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N2 - Turbulence is omnipresent in Nature and technology, governing the transport of heat, mass, and momentum on multiple scales. One of the paradigmatic turbulent flows is Rayleigh-Bénard convection, i.e., a flow heated from below and cooled from above. Here, the possible transition to the so-called ultimate regime, wherein both the bulk and the boundary layers are turbulent, has been an outstanding issue, since the seminal work by Kraichnan [Phys. Fluids 5, 1374 (1962)]. Yet, when this transition takes place and how the local flow induces it is not fully understood. By performing two-dimensional simulations of Rayleigh-Bénard turbulence covering six decades in Rayleigh number Ra up to 1014 for Prandtl number Pr = 1, for the first time in numerical simulations we find the transition to the ultimate regime, namely at Ra* = 1013. We reveal how the emission of thermal plumes enhances the global heat transport, leading to a steeper increase of the Nusselt number than the classical Malkus scaling Nu ∼ Ra1/3 [Proc. R. Soc. London A 225, 196 (1954)]. Beyond the transition, the mean velocity profiles are logarithmic throughout, indicating turbulent boundary layers. In contrast, the temperature profiles are only locally logarithmic, namely within the regions where plumes are emitted, and where the local Nusselt number has an effective scaling Nu ∼ Ra0.38, corresponding to the effective scaling in the ultimate regime. For real-world applications of wall-bounded turbulence, the underlying surfaces are virtually always rough; yet characterizing and understanding the effects of wall roughness for turbulence remains an elusive challenge. By combining extensive experiments and numerical simulations, here, taking as 2nd example the paradigmatic Taylor-Couette system (the closed flow between two independently rotating coaxial cylinders), we uncover the mechanism that causes the considerable enhancement of the overall transport properties by wall roughness. If only one of the walls is rough, we reveal that the bulk velocity is slaved to the rough side, due to the much stronger coupling to that wall by the detaching flow structures. If both walls are rough, the viscosity dependence is thoroughly eliminated and we thus achieve what we call asymptotic ultimate turbulence, i.e. the upper limit of transport, in which the scalings laws can be extrapolated to arbitrarily large Reynolds numbers. This Proceeding contribution summarizes and reproduces the main results of our recent references [56, 57].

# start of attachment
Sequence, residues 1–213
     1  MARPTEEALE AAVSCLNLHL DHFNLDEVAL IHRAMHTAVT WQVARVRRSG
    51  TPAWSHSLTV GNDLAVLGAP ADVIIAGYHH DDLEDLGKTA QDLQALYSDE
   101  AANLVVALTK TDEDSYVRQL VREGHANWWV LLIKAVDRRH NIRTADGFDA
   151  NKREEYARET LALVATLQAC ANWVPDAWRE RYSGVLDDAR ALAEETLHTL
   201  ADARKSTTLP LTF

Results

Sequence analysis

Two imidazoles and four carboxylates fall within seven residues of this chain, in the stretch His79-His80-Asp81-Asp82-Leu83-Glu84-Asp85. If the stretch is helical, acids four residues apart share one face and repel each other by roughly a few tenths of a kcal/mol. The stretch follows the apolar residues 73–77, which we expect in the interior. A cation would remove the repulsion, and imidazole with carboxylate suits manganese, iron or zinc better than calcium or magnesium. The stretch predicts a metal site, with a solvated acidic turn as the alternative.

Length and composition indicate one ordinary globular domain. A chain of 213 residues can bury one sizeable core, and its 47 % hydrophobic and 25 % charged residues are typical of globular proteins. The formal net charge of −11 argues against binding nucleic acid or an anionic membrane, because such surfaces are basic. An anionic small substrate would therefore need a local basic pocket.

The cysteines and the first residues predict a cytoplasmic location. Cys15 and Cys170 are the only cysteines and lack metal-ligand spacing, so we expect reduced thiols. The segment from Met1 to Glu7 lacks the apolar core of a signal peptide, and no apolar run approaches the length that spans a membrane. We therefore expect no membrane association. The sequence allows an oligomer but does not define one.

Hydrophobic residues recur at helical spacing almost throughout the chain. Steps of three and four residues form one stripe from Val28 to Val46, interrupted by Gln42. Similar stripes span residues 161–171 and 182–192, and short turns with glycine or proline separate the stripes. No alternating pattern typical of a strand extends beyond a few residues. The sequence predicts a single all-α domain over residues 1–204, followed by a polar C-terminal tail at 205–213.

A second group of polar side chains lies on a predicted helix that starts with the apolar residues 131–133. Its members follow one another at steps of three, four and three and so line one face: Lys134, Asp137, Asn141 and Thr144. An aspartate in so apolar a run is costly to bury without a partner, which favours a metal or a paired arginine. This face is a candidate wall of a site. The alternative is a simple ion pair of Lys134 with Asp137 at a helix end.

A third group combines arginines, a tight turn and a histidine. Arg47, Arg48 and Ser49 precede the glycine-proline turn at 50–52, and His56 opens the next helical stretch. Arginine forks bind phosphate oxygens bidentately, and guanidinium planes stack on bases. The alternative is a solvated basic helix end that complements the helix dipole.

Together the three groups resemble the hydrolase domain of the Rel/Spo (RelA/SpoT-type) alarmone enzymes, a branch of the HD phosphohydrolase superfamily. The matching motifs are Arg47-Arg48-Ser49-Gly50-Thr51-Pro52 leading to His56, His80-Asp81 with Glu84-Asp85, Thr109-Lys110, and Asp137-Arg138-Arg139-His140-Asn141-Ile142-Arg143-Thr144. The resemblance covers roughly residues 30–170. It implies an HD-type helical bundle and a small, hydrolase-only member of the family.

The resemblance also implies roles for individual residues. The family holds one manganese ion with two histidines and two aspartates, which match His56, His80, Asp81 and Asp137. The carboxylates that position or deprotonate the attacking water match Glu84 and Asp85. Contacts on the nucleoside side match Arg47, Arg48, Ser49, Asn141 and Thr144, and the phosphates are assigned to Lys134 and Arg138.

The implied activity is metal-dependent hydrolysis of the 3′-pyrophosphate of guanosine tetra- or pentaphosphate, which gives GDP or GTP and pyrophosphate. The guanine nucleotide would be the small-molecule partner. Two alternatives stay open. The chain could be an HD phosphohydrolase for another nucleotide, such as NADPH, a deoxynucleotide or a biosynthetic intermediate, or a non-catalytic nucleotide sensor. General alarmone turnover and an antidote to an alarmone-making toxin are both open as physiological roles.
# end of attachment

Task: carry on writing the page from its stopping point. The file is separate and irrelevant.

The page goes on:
AB - Turbulence is omnipresent in Nature and technology, governing the transport of heat, mass, and momentum on multiple scales. One of the paradigmatic turbulent flows is Rayleigh-Bénard convection, i.e., a flow heated from below and cooled from above. Here, the possible transition to the so-called ultimate regime, wherein both the bulk and the boundary layers are turbulent, has been an outstanding issue, since the seminal work by Kraichnan [Phys. Fluids 5, 1374 (1962)]. Yet, when this transition takes place and how the local flow induces it is not fully understood. By performing two-dimensional simulations of Rayleigh-Bénard turbulence covering six decades in Rayleigh number Ra up to 1014 for Prandtl number Pr = 1, for the first time in numerical simulations we find the transition to the ultimate regime, namely at Ra* = 1013. We reveal how the emission of thermal plumes enhances the global heat transport, leading to a steeper increase of the Nusselt number than the classical Malkus scaling Nu ∼ Ra1/3 [Proc. R. Soc. London A 225, 196 (1954)]. Beyond the transition, the mean velocity profiles are logarithmic throughout, indicating turbulent boundary layers. In contrast, the temperature profiles are only locally logarithmic, namely within the regions where plumes are emitted, and where the local Nusselt number has an effective scaling Nu ∼ Ra0.38, corresponding to the effective scaling in the ultimate regime. For real-world applications of wall-bounded turbulence, the underlying surfaces are virtually always rough; yet characterizing and understanding the effects of wall roughness for turbulence remains an elusive challenge. By combining extensive experiments and numerical simulations, here, taking as 2nd example the paradigmatic Taylor-Couette system (the closed flow between two independently rotating coaxial cylinders), we uncover the mechanism that causes the considerable enhancement of the overall transport properties by wall roughness. If only one of the walls is rough, we reveal that the bulk velocity is slaved to the rough side, due to the much stronger coupling to that wall by the detaching flow structures. If both walls are rough, the viscosity dependence is thoroughly eliminated and we thus achieve what we call asymptotic ultimate turbulence, i.e. the upper limit of transport, in which the scalings laws can be extrapolated to arbitrarily large Reynolds numbers. This Proceeding contribution summarizes and reproduces the main results of our recent references [56, 57].

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Zhu X, Verschoof RA, Bakhuis D, Mathai V, Huisman SG, Stevens RJAM et al. Ultimate thermal turbulence and asymptotic ultimate turbulence induced by wall-roughness. In Lau TCW, Kelso RM, editors, Proceedings of the 21st Australasian Fluid Mechanics Conference, AFMC 2018. Australasian Fluid Mechanics Society. 2018. (Proceedings of the 21st Australasian Fluid Mechanics Conference, AFMC 2018).